As the 2017 Confederations Cup – generally considered a dress rehearsal for the World Cup – reached its climax, even the most Russia-skeptical Western media praised the country’s sports infrastructure and hospitality, assuring that teams and fans traveling to the 2018 FIFA World Cup need not worry.
A BBC reporter said “in terms of organization, the Confederations Cup had been well run and, especially in Moscow, well received.”
“Based on this tournament, the atmosphere will be friendly, helpful and relaxed” at the larger football showpiece next year, he added.
The BBC has “learnt” that “despite pre-tournament fears,” Russia is not a racist country, with no incidents having been reported during the event which ran from June 17-July 2.
The main concern for the British reporter, however, apart from the shape of the Russian team, apparently, was the lack of kettles in hotel rooms.
The performance of the Russian team seems to be also the only issue that concerns an otherwise pleased reporter from The Guardian.
“Russia has eased fears ahead of the 2018 World Cup by delivering a friendly, organized dress rehearsal – but the hosts are still lacking a competitive team,” the British reporter wrote, adding, that “overall, Russians will feel pleased” with the hosting experience.
Smiling faces and “signs in English” left an impression on its reporter.
“Any fan with a ticket was eligible to bypass Russia’s cumbersome visa process, and smiley volunteers at the airports and train stations were on hand to direct visitors to free transport to the stadium,” the article said. It added that “the happy demeanor of the endless rows of volunteers will be the enduring memory of the tournament for many fans.”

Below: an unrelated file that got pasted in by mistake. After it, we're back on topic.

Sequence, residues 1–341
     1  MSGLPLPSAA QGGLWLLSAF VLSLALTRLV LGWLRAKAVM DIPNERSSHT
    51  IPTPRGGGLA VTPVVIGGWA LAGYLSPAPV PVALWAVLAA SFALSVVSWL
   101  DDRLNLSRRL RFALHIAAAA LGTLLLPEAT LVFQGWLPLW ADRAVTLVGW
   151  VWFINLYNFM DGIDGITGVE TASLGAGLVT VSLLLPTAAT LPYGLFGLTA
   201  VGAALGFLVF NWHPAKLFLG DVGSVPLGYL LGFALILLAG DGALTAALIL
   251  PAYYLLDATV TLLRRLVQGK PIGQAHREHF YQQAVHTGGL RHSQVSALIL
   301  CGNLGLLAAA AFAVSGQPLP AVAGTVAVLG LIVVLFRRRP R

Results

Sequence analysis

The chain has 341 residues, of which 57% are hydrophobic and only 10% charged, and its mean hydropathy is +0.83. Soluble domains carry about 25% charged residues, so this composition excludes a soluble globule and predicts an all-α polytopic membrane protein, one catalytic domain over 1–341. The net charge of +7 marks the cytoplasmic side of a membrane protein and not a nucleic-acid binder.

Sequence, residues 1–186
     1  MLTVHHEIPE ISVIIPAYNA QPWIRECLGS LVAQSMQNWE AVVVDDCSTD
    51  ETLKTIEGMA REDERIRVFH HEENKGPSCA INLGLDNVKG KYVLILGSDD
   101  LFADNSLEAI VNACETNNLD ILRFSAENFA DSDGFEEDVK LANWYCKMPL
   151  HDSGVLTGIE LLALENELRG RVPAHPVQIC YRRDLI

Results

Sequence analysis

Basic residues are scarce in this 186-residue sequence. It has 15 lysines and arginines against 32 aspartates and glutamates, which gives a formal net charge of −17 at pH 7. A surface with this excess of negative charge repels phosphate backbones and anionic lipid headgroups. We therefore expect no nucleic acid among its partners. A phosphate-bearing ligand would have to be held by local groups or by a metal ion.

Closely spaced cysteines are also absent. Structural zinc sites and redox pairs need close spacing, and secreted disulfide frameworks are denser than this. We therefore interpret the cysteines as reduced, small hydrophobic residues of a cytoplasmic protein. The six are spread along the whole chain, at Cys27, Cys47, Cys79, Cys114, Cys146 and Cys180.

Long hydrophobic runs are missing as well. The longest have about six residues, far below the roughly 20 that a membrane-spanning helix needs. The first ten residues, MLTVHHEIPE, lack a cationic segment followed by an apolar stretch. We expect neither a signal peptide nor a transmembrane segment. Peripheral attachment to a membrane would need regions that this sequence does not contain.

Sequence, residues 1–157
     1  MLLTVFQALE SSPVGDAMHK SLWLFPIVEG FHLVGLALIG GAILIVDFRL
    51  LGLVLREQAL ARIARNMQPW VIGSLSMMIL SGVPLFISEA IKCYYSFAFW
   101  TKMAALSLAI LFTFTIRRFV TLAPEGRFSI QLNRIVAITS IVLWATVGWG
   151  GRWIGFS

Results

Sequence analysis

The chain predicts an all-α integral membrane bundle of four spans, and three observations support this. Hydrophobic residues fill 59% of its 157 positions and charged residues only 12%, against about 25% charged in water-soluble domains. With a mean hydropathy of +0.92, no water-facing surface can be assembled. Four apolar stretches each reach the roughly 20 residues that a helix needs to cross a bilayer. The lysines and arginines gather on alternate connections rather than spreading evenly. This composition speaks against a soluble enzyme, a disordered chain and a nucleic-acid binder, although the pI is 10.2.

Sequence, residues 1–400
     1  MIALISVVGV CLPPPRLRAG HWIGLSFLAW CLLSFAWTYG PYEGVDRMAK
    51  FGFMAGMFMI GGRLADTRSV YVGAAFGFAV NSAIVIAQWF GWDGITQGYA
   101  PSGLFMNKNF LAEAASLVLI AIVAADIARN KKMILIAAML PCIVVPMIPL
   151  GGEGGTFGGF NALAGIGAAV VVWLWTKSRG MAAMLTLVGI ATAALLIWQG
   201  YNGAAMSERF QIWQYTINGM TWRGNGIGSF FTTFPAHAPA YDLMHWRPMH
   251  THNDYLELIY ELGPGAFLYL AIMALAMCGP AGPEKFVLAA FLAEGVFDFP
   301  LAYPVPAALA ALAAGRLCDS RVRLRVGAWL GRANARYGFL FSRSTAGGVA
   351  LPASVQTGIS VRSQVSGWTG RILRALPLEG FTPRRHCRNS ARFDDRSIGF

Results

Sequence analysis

The Nation, one of the most widely read weekly magazines in the US, praised the stadiums as being “of the best quality,” as well as the Fan ID system.
“All the stadiums were glittering and sparkling, while innovative arenas were built within the last five years,” The Nation's reporter wrote. The “ever-visible presence” of the police “did not feel intimidating or overbearing, as fans were free to take photographs everywhere,” he commented.
“Russia seems to be well-prepared for hosting the mega 2018 World Cup and ready to deal with the huge influx of overseas visitors,” the US reporter said, adding, that with “some significant lessons” learnt from the Confed Cup, the Russian nation “can host the next year's mega event in a trend-setting manner.”
The ESPN FC football-dedicated website, owned by US-based global sports network, ESPN, sent several writers to four Russian cities hosting the Confed Cup.
Having shared their views on the tournament, they largely agreed that “Russia has exceeded expectations and dampened the fears of many by hosting a slick, well-organized tournament.”
“Barring a few kinks that should be ironed out over the next 11 months, all four venues look perfectly cut out for a World Cup; the stadia are modern and well-equipped, with access reasonably straightforward, while the cities are used to hosting foreigners and the welcome was universally warm,” one of ESPN FC reporters said.
“The feeling is that Russia will do everything possible to make sure the World Cup is a success,” another one added.
Reporting on the 2018 FIFA World Cup warm-up event, AFP said that “fears of racism and hooliganism blighting the Confederations Cup proved to be unfounded.” The Paris-based international news agency quoted Germany’s head coach Joachim Loew as “warmly praising the hosts.”
“We have seen excellent conditions at the stadiums, this has been brilliantly organized and we've met some outstanding people along the way,” AFP cited Loew as saying.
In its not so wide coverage of the event, CNN said the “trial run for the 2018 World Cup... has gone off pretty much without a hitch.”
The Washington Post published an AP wire, which cited FIFA President Gianni Infantino as saying: “If a problematic tournament looks like this tournament, then I want many of these problematic tournaments going ahead.”